Artificial Intelligence or AI as it is commonly referred to, is the catch-all term for anything related to AI.  You’ve seen the movies; robots and computers that are able to interact and learn from their environments to accomplish their mission, some bad (Terminator, HAL), some helpful (R2D2), some annoying (C3PO).
The goal AI is to create software that learns as it interacts with the environment. At this time, implementations of AI are very narrow and specialized for specific fields. AI includes the subdomains of Machine Learning, Neural Networks, and Deep Learning. While AI has been around for years, only with the recent availability of cloud-based computing are the resources available to begin to simulate AI.

Machine Learning
Machine Learning (ML) relies upon algorithms to parse data, learn from the data, then make a prediction based upon the data.  ML systems are ‘trained’ using a lot of data (and I mean a LOT of data) to make accurate predictions.  You are probably already using ML in your everyday life: Spam filtering!  If you use a cloud-based email system such as Gmail, then you are using ML.  Have you noticed that the first time you receive a message that is probably spam, it goes into your inbox, but after that, similar messages go straight to your spam folder.  Gmail learns from you, based on your telling it what is spam and what isn’t.

Neural Networks
Neural Networks (NN) builds on ML.  The concept is that just as the human brain uses neurons to pass information, neural networks can create pathways that show lead to the correct answer more quickly.  ML makes a lot of mistakes as it is learning.  Neural Networks learn more quickly because a weight or value is given to paths that result in the correct answer.  These paths are stored in hidden layers.
Neural Networks are very processor intensive, even more so than ML.  Only with the advent of parallel processing and GPUs have Neural Networks begun to accomplish what they are capable of doing.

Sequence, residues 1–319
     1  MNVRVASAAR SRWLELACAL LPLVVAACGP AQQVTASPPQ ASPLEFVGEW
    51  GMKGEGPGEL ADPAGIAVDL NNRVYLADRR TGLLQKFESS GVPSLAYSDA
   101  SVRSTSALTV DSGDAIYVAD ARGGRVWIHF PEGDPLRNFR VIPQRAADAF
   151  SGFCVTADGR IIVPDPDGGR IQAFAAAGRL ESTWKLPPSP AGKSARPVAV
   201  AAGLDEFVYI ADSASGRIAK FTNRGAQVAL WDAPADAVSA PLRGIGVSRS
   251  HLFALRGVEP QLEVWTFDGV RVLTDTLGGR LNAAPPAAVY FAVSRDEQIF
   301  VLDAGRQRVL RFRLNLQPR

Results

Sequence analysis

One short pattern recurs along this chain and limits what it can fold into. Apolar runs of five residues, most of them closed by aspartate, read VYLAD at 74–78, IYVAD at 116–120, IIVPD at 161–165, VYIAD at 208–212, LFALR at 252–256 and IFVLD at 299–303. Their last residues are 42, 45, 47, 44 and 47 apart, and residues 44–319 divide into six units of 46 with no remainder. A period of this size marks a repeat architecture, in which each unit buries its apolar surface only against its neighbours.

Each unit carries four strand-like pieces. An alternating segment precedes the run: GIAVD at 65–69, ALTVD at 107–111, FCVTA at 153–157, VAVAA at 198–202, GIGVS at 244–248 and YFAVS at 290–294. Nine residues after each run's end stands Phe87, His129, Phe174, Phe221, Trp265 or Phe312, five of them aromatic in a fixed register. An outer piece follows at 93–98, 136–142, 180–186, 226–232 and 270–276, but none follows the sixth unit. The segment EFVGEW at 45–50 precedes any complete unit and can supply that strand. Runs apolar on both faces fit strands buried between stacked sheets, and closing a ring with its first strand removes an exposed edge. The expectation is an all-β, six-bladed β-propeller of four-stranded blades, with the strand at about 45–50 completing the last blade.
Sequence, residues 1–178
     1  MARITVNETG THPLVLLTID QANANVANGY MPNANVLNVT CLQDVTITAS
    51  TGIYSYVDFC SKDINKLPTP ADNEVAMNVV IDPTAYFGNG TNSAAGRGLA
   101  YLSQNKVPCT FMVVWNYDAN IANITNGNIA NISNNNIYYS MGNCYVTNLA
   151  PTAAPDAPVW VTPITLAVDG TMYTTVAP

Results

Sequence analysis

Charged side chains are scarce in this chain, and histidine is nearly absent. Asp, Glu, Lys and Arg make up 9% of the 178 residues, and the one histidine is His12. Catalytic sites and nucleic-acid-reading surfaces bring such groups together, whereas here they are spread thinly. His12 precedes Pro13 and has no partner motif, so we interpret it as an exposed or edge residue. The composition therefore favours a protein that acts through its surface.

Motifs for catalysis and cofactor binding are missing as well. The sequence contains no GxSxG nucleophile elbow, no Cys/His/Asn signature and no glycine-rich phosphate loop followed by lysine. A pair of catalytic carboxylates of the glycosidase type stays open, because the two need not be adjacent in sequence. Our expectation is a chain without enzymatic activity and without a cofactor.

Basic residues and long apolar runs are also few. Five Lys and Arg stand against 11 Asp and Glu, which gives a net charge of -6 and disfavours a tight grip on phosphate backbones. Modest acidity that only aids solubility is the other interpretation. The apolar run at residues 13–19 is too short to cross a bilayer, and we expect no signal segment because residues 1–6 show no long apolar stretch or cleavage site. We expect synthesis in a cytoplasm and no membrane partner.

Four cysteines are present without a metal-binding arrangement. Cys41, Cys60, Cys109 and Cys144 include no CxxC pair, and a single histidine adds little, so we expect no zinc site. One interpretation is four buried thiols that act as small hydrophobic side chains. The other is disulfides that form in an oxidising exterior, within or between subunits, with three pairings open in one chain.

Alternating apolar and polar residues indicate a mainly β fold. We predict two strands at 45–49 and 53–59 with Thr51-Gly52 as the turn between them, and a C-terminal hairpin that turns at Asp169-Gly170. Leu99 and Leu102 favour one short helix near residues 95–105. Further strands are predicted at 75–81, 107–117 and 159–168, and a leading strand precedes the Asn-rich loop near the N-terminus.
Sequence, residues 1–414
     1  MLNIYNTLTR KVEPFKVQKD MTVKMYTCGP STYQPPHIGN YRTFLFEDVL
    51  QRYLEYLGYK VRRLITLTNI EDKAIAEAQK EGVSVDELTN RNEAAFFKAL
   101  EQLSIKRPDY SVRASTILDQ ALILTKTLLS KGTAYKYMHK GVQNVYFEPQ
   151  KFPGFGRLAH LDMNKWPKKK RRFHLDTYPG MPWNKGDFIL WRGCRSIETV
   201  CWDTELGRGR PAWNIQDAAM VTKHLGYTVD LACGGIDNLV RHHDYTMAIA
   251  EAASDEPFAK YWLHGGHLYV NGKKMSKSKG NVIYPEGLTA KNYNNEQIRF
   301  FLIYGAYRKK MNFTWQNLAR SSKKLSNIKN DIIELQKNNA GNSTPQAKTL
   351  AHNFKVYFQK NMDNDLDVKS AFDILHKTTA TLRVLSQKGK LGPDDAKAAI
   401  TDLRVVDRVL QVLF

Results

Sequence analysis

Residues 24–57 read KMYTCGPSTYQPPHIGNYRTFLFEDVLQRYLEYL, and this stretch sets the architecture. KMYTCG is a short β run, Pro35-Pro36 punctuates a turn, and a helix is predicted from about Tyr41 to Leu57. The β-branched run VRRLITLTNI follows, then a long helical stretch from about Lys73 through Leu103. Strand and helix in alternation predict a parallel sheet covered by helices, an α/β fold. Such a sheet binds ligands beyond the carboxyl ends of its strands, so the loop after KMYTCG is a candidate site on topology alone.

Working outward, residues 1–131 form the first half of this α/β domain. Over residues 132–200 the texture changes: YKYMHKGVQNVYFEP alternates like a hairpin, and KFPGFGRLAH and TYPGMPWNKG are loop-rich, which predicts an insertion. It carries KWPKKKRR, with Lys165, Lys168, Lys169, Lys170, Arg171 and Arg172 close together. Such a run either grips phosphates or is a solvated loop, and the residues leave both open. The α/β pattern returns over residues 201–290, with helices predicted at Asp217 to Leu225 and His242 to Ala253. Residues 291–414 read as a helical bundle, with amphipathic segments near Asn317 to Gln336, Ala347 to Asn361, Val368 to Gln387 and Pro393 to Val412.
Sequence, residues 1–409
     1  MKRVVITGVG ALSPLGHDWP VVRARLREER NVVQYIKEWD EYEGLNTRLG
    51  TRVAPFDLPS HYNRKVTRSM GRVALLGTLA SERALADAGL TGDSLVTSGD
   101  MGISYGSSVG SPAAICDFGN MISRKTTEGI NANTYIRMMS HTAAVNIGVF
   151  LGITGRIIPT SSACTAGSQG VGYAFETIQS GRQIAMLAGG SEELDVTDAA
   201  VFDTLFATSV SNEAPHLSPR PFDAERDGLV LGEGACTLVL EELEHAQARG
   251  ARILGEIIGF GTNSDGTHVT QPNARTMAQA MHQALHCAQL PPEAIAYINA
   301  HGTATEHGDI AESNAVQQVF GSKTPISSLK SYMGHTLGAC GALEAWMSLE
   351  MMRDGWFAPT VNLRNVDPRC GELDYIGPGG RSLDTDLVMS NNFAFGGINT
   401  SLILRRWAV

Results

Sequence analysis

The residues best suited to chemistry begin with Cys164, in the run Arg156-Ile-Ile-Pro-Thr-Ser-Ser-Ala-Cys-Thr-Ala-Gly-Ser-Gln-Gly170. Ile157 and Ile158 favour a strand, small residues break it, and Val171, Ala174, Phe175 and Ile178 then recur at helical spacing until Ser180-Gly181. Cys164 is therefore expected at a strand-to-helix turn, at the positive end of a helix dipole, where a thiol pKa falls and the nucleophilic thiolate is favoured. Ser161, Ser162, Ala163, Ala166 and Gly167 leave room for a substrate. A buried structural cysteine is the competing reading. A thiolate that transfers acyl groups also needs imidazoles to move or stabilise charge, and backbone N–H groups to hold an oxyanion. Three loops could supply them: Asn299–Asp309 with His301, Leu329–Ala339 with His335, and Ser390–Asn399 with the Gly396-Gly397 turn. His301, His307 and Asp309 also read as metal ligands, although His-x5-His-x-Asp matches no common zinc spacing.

Deep Learning

Deep Learning (DL) combines ML and NN to accomplish the next phase of AI. By using sets of algorithms that are then layered.  Deep Learning is different from Neural Networks in that it uses more layers in the building of learning paths. Additionally, Neural Networks are usually supervised as they learn.  Deep Learning can be supervised or unsupervised (or a combination) as it goes through it’s learning process.  At this time Deep Learning is providing exciting advances in optical recognition i.e. read a stop sign, process natural language, speech systems, translations, even adding closed captioning to YouTube videos.


Why Focus on Deep Learning?

Why will I be skipping over implementations of Machine Learning and Neural Networks?  It comes down to goals.  While I will be sharing certain aspects of ML & Neural, the aspects of AI that I am interested in are concentrated in the Deep Learning domain.
My research is focused on creating immersive educational environments that individualizes instruction based on student performance.  My wife, Rosemary, and I created one of the first fully online schools back in the 90’s.  Our continued research and interest in game design, gamification, and now Deep Learning, are all focused on building a better, pedagogically superior, learning experience for all learners, regardless of location, background, disabilities, language, or previous experiences.


Programming Languages and Tools for Deep Learning

AWS/Google/Microsoft Azure/IBM Bluemix
All major cloud companies are trying to stake their claim in the AI field.  Each has slightly different offerings and tools (and pricing for those tools).
I have received research funding in the form of free access to the cloud infrastructure (no real money actually received) for each of the four mentioned companies for cloud computing over the last 5 years.
I have settled on using Amazon AWS for my personal and research work.  While the services, cost, and resources do not vary that much from company to company, Amazon’s customer-centric nature clicked with how I like to do things, thus that is where the majority of my time and energy has been spent.  Also, AWS supports both Lua Torch and Python Theano, the two dominant tool sets that we will be (at least intially) exploring.

I have to admit, I was excited to see that there was a Lua tool set for Deep Learning.  I have been developing with Lua for over 15 years and used it intensely for the last 7 years.  If you haven’t seen my Lua tutorials on Youtube, they can be found here.
The dominant tool in Lua is Torch.  It is considered a very flexible tool that keeps the easy of use of Lua.


Python Theano
Python seems to have broader support (and many tools) than Lua in deep learning.This might be caused by Python is in wider general use than Lua, which naturally makes it more attractive.
The dominate tool is Theano.  While there are many others in development and gaining in popularity (most notably Cafe2), Theano remains the primary Python Deep Learning tool.


Other languages: